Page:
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Database Help

Having trouble using the databases? This guide answers frequently asked questions about databases, provides video tutorials and search tips that will help you use the databases to find the information you need.


To search for two or more words in an exact order, place quotation marks around the phrase.  The computer will only return documents containing that specific phrase rather than documents containing each word found individually anywhere in the document.

EX: "obsessive compulsive disorder"


Truncation allows you to search for a root word with all of its different endings by placing a symbol at the end of the word.  Symbols vary by database so check the help section on each database.  Common symbols are:

* (asterisk)

! (exclamation mark)

? (question mark)

EX: femini*

The computer will search for feminist, feminism, feminists, feminine, feminize


Limiters help refine and narrow your search.  Using Limiters can give you more precise results.  The location of these limiters vary by database, but are commonly found on the left side of the page.  Some may be applied before your search or after.  Common limiters are:

  • Full Text
  • Peer Reviewed
  • Date
  • Publisher Name
  • Source/Document type (journal, newspaper, interview, editorial, etc.)


Library databases have predefined fields that you can search within. Limiting your search to specific fields can make your search more precise. For example, if you are looking for a particular article, type in the article title and choose Title in the drop down field menu.  Use the Advanced Search option to search within a field (default search screen in EBSCO).  Some common fields are:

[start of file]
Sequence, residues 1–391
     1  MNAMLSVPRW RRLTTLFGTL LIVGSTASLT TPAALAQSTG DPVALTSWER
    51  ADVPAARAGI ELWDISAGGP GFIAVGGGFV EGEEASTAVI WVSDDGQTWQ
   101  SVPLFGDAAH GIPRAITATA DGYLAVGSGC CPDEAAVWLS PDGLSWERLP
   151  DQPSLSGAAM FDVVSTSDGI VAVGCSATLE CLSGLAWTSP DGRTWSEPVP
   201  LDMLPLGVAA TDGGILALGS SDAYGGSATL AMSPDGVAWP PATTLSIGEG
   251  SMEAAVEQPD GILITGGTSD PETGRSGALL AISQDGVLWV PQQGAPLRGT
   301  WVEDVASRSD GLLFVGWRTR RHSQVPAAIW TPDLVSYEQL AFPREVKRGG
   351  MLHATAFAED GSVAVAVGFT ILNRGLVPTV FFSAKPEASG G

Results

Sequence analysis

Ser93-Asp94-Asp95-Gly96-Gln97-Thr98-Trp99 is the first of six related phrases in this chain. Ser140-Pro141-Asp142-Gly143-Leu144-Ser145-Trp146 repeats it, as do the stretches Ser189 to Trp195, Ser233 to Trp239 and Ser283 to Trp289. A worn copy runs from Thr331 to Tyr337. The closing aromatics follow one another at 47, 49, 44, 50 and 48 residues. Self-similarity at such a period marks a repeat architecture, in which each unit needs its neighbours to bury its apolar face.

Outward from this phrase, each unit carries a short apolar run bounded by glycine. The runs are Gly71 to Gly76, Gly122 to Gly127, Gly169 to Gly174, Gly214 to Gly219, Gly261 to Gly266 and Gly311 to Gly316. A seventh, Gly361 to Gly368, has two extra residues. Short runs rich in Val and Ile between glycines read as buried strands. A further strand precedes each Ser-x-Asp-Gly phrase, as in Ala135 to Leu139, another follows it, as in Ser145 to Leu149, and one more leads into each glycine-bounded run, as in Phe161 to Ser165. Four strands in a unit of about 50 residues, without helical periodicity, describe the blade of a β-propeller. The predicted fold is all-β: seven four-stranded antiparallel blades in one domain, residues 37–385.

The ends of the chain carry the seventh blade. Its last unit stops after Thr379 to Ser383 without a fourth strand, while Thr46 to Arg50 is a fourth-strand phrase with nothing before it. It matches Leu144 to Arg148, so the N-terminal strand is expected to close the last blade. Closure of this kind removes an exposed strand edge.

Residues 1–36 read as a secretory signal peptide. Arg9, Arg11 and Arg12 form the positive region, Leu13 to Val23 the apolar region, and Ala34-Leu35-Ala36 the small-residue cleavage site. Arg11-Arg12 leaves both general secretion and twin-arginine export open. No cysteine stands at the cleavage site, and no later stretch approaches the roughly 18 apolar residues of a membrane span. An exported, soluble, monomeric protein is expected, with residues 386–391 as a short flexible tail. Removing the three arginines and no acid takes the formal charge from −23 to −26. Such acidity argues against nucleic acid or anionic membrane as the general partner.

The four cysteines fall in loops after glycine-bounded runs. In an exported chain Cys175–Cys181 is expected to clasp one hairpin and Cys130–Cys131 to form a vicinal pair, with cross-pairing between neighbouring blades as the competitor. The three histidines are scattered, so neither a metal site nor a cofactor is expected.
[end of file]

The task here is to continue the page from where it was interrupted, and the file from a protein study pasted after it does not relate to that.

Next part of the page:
• Author
  • Title
  • Text
  • Abstract
  • Subject
  • Source (publication title)


Screenshot ebsco search fields

Related Subjects and Thesaurus

Gale and EBSCO databases allow you to narrow your results by related subjects after you conduct your initial search.  This feature is very helpful if you receive too many results and need help thinking of terms related to your topic. When you select one of the related terms, the computer will give you a new list of documents that contains your original search terms and any related subject terms you have chosen.  All subject terms must appear in the document in order for it to be included in your search results. 

You can find these options on the left side of the results list.  Gale's term for this feature is Related Subjects.  EBSCO refers to it as Subjects: Thesaurus Term.


Example of related subject options

Boolean Searching

By using three simple words,  you can improve your search results.  Boolean searching connects words and phrases with three Boolean Operators, AND, OR, and NOT. Depending on the operator, you can either narrow or expand your search results.  Use the Advanced Search tab found in the databases (EBSCO defaults to the this screen).

AND  will make your search smaller.  If you are getting too many items in your search results, try linking another term to your topic using AND.  When you add AND between two or more search terms, your search results will include all of your search terms.

EX: obesity AND children 

OR will make your search bigger.  If you are receiving too few results, try connecting a synonym to your topic using OR.  When you add OR between your search terms, your search results will include either of your search terms. 

EX: teenagers OR adolescents

NOT will exclude a word from your search results.  If you are getting to many results on an unrelated topic, try eliminating a word with the operator NOT.  Your search results will only include the term before NOT.

EX:  cowboys NOT football

Examples in EBSCO

screenshot of ebsco search screen


How Boolean Operators Work

See a demonstration of how Boolean operators work by using the Boolean Machine.

Boolean Machine Venn Diagram